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Episode 5, “Sodachi Lost”, can easily be taken as the most emotionally wearing episode thus far in regards to its content. We hear the whole relationship between Araragi and Oikura unravel from the mouth of the white-haired shut-in herself, and Hanekawa delivers some delightfully uplifting and encouraging words to the bitter girl – after all, Hanekawa knows best!


From here on out, we’re confirming the details we’ve sleuthed together in the preceding episodes and we do get all of our questions answered. How did Oikura know about Araragi’s parents’ occupations even though he rarely speaks of it? Because she had been taken into protective custody by his parents. Whether he didn’t notice because he’s dullor because he has the Koyomi air-headedness about him, it’s not stated clearly, but one thing is for sure: she was there, and she hated it. Being with the Koyomi’s and seeing how happy they were, how normal, or how “bright” their house was, gave her a comparison on how wrong her own household must be. Now we already know he household was a mess, she had an abusive father and a mother who was only the best parent because she only beat Oikura when her father was beating her. Realizing other homes and families weren’t that way just made it worse and worse, until finally her father had left, leaving Oikura with her mother in a garbage-ridden, decrepit house. As if her father leaving wasn’t enough, one day she comes home to find that her mother, too, had abandoned her. Being all alone and living off government welfare in a single apartment is all she has.

The momentum of this scene is great, and by scene, I pretty much mean the entire episode. This was another one of those “24 minutes squeezed into one long scene in one room” type of episodes. Some great use of camera angles to represent Oikura’s sense of isolation and aloneness; hiding her face just beneath the shots, using a well-placed lamp to cover her eyes, and such artistic use of the lack of furniture to display her sense of seclusion and dullness. Oikura’s rollercoaster ride of emotions was one hell of a performance (if you can say that about an animated character). When she was upset, she was pushed to a half-crazed rant of how much she hated herself. When she was feeling vulnerable, she suddenly would go into a monotonous faked sense of clarity. With each line, we dove deeper and deeper to her dysfunctional childhood and why she placed Araragi at the target of her hatred. She used him as something to cling to in order to keep her sane, for if she let herself stop blaming someone else or her parents, then she’d only have herself to blame. She couldn’t handle that, she believes she didn’t deserve that, and yet she can’t seem to be happy.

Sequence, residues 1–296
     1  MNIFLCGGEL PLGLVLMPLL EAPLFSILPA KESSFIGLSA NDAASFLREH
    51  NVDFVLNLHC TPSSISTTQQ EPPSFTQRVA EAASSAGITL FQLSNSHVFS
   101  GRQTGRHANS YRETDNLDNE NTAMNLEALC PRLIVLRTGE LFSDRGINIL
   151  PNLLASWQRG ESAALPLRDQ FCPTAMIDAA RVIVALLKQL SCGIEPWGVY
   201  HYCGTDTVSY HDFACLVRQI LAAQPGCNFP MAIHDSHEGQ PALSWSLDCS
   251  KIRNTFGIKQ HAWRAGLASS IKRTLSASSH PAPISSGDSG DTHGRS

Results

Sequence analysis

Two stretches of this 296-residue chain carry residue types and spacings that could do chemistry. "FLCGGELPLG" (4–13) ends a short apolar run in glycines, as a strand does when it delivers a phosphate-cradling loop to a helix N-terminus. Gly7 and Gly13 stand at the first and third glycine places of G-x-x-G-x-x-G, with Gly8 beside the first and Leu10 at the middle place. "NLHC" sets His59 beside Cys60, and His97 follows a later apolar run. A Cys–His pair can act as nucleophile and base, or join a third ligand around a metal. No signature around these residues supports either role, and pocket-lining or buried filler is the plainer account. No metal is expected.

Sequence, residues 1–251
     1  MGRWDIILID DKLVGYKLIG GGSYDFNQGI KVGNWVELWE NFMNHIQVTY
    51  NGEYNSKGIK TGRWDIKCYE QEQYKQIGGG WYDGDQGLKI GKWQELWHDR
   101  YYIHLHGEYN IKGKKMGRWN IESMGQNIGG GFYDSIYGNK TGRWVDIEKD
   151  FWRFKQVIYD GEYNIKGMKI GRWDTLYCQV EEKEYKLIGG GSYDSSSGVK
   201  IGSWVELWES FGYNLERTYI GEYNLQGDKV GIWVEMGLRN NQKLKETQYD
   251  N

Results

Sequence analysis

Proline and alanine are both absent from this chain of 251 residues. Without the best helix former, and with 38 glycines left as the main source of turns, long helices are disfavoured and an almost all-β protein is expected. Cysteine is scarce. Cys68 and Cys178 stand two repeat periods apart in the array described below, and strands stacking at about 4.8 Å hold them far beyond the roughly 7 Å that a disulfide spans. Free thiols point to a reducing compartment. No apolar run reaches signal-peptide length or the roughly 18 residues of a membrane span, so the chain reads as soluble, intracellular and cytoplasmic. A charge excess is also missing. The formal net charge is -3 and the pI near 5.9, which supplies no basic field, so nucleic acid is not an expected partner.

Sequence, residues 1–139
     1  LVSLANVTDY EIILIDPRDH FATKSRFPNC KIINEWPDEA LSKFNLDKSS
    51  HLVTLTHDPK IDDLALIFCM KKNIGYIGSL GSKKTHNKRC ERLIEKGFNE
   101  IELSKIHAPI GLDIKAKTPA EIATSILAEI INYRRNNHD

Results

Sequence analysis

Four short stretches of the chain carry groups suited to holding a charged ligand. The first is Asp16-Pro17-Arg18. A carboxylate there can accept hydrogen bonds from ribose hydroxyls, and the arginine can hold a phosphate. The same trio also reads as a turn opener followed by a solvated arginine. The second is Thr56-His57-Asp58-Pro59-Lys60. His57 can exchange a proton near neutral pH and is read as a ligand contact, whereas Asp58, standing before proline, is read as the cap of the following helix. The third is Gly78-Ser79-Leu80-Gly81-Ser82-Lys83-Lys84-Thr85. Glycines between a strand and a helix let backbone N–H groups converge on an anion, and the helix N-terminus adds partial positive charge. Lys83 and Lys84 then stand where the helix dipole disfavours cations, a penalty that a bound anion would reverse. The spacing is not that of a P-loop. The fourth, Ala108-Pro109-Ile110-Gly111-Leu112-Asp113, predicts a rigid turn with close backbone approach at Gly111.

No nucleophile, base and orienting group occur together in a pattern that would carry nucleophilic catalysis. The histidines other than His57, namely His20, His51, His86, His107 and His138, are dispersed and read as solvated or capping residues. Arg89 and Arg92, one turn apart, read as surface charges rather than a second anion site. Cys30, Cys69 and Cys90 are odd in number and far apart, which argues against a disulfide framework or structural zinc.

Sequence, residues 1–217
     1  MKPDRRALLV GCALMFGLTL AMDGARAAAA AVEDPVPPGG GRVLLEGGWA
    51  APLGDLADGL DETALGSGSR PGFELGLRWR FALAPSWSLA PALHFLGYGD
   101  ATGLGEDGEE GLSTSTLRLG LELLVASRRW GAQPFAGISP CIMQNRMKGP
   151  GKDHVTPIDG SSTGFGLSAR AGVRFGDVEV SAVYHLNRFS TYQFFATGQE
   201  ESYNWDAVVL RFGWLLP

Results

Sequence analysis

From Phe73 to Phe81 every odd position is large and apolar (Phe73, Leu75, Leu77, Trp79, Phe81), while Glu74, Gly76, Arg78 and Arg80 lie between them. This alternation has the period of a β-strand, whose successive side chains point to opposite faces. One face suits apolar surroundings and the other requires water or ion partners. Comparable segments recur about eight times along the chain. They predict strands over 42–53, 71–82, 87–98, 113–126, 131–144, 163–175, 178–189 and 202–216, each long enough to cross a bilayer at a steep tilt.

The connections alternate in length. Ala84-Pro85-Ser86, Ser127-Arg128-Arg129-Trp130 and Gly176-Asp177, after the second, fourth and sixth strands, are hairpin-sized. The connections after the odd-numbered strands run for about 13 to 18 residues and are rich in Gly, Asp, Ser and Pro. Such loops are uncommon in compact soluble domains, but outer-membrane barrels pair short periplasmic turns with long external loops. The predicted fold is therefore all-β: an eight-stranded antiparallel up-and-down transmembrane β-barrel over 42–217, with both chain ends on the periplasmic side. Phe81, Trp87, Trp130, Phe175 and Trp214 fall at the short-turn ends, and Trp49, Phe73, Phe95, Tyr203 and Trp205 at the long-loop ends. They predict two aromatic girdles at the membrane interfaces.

Oh, Hanekawa, sweet, Hanekawa. “I only know, what I know.” And at this point in the Monogatari series, the one thing I’m sure she knows is how to deal with students and underclassmen with deep rooted problems at home. Hanekawa gets to have the strongest dialogue this arc, delivering the line, “you’re not happy because you’re not trying to be happy. Nobody can make someone that’s not trying to be happy into someone that’s happy.”  While they weren’t telling her that her suffering is meaningless, or that her hatred is misguided, what they were trying to get across is that being happy starts with you. Araragi chimes in to remind her that she can use him as her villain if that makes her happy, because if seeing his happiness is what’s causing her pain she ought to understand not to “overestimate happiness”. This was my favorite point – happiness isn’t something that you just acquire and depression isn’t just something you get over – it’s an everyday challenge.

Emotions were high, and my chest was heavy; I loved every second of this episode. While most of our questions were answered, we were also given an ultimatum: Oikura decided that she’ll come back to school and apologize to Senjougahara if Hanekawa and Araragi find her mother. One thing that does worry me is now that the truth is out, we’ll finally see what’s that sneaky little Ougi is up to. Let us know what you thought of this episode and comment below!


Episode Rating:

This one’s an easy A. The chilling, yet refreshing way that Monogatari can use powerful emotions juxtaposed with it’s comedic timing is untouchable.

Head-Tilt Count:

I counted 15 for this episode, including a quick cameo head-tilt from Nadeko. My two faves up above; who wore it better?